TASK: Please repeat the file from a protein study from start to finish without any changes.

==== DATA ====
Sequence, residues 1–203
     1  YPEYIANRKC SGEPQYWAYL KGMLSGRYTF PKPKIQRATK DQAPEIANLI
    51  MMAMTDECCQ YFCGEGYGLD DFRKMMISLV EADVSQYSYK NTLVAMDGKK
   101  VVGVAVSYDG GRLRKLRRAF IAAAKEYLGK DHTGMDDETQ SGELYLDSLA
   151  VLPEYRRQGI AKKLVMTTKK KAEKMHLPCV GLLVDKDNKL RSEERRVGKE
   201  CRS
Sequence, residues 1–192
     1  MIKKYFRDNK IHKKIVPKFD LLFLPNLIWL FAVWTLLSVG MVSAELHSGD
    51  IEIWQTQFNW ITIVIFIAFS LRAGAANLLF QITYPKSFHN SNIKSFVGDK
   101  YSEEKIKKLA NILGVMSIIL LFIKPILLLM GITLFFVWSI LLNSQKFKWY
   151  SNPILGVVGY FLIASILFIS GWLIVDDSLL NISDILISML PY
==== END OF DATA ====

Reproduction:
Sequence, residues 1–203
     1  YPEYIANRKC SGEPQYWAYL KGMLSGRYTF PKPKIQRATK DQAPEIANLI
    51  MMAMTDECCQ YFCGEGYGLD DFRKMMISLV EADVSQYSYK NTLVAMDGKK
   101  VVGVAVSYDG GRLRKLRRAF IAAAKEYLGK DHTGMDDETQ SGELYLDSLA
   151  VLPEYRRQGI AKKLVMTTKK KAEKMHLPCV GLLVDKDNKL RSEERRVGKE
   201  CRS
Sequence, residues 1–192
     1  MIKKYFRDNK IHKKIVPKFD LLFLPNLIWL FAVWTLLSVG MVSAELHSGD
    51  IEIWQTQFNW ITIVIFIAFS LRAGAANLLF QITYPKSFHN SNIKSFVGDK
   101  YSEEKIKKLA NILGVMSIIL LFIKPILLLM GITLFFVWSI LLNSQKFKWY
   151  SNPILGVVGY FLIASILFIS GWLIVDDSLL NISDILISML PY